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Livesquawk - Closing Wrap - Tuesday 21.09
Closing Wrap - Tuesday 21.09
  • Fed Faces Calls To Remove Officials Over Trades They Made While Setting Policy
  • US House To Test Republican Roadblock In Tuesday Debt-Limit Vote
  • Iran Says Nuclear Talks Will Resume Within ‘Next Few Weeks’
  • OPEC+ Struggles To Pump More Oil To Meet Rising Demand
  • Europe Mulls French Request To Delay Trade, Tech Talks With US
  • UK's Debut 'Green Gilt' Sale Draws Blockbuster Demand
  • UK PM Johnson Discussed Taxation With Amazon's Bezos
  • Justice Department Preparing To Challenge American-JetBlue Alliance
  • DraftKings Makes $20 Bln Cash, Stock Offer For Entain
FOMC: Walking In A Winter Taperland?

September’s FOMC meeting and ensuing rate decision is in the eyes of many analysts a dry run for either a November or December announcement on the start of quantitative tightening.


Economists widely anticipate the FOMC to announce on Wednesday its intentions to hold the benchmark interest rate in the current range of 0% to 0.25% and to maintain monthly asset purchases at USD 120bln (or USD 80bln in treasuries and USD 40bln mortgage-backed securities).


Alongside the policy announcement, rate-setters will publish their economic outlook, aka the Summary of Economic Projections (SEP). This happens four times a year and covers forecasts for GDP growth, unemployment, inflation, and the appropriate policy interest rate.  


Tapering of the current quantitative easing programme is baked into market expectations, but exactly when it is announced is still up for debate. Danske Bank’s chief analyst, Mikael Olai Milhøj said, “The Fed is in a difficult position amid slower growth and still high inflation. Given the weak jobs report and lower-than-anticipated inflation in August, we expect the Fed will refrain from providing more details at this meeting, as the Fed has already made it clear that tapering is set to begin before year-end.” (LiveSquawk – Continue Reading)

US House To Test Republican Roadblock In Tuesday Debt-Limit Vote

The U.S. House of Representatives on Tuesday was scheduled to debate and vote on legislation to fund the federal government through Dec. 3 and raise the nation's borrowing limit, according to the House Appropriations Committee.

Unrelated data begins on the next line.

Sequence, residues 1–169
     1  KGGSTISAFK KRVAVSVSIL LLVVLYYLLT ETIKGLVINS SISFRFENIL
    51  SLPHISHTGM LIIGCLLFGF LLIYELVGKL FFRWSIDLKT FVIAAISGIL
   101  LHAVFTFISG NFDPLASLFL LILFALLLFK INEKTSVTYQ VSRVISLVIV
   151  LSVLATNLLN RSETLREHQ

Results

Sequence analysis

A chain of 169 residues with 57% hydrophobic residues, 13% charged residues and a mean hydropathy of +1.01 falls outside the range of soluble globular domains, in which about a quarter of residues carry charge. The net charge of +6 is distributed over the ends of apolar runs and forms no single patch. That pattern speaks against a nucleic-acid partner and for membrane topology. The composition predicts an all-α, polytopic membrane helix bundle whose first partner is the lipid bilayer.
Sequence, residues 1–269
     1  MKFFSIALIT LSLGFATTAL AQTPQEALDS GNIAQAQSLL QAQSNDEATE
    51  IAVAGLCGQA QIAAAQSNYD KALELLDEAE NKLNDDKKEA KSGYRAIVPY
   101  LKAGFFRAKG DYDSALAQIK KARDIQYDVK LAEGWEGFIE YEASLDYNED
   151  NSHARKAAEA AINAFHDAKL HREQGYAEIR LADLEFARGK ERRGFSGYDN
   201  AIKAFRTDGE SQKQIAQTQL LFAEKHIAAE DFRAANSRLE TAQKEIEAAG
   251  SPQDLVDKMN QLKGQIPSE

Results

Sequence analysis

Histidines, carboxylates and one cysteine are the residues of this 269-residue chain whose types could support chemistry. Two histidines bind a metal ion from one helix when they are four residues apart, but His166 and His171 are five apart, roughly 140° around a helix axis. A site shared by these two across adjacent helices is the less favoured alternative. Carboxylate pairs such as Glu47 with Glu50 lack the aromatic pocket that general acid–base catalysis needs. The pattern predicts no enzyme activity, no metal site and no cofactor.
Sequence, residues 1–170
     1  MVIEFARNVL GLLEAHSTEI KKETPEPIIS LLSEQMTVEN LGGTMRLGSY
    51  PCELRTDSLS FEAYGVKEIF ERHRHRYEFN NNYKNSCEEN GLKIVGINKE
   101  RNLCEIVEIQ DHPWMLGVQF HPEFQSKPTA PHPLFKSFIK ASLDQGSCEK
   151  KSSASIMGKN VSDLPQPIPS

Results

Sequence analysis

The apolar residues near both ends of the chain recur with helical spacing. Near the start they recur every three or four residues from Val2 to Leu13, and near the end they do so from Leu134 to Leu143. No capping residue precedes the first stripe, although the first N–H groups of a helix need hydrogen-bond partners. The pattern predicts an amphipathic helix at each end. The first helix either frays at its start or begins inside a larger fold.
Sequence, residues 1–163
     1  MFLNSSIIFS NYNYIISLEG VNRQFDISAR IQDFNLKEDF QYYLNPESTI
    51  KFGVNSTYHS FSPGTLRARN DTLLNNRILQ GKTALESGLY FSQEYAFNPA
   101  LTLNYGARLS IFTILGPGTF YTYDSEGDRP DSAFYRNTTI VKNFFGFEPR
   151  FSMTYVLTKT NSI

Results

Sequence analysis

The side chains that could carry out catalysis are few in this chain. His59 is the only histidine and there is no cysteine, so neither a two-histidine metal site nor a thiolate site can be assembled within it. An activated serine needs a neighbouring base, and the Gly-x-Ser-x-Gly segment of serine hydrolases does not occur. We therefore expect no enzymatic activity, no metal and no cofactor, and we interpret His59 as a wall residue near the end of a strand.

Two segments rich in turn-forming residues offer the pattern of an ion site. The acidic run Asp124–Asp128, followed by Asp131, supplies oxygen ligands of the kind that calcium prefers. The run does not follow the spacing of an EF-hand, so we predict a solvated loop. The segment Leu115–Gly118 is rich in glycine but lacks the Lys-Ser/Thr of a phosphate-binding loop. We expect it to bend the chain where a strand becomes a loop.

House Speaker Nancy Pelosi and Senate Majority Leader Chuck Schumer set the stage for a showdown with Republicans on Monday when they said they would combine spending and debt measures in one bill, despite Senate Republican Leader Mitch McConnell's vow to block an increase in the $28.4 trillion debt ceiling.


Democrats have the votes to pass the measure in the House, but cannot get it through the Senate without Republican support. (Reuters – Continue Reading)

EU Calls For ‘Pause And Reset’ In Transatlantic Relationship

A top EU official today urged Europe and the United States to "pause and reset" their "broken" relationship, adding fuel to an ongoing dispute between France and Washington over a new security deal between the U.S., U.K. and Australia.


The EU's Internal Market Commissioner Thierry Breton — an appointee of the French government under President Emmanuel Macron — made the comment during a visit to Washington where he met with U.S. counterparts to discuss coronavirus policies, technology and cybersecurity issues.


"I planned this visit to the U.S. weeks ago with a positive agenda, to deepen EU-U.S. cooperation [but] something has changed," Breton is expected to say at a virtual event, according to prepared notes shared with reporters. "There is a growing feeling in Europe – and I say this with regret – that something is broken in our transatlantic relations." (POLITICO – Continue Reading)

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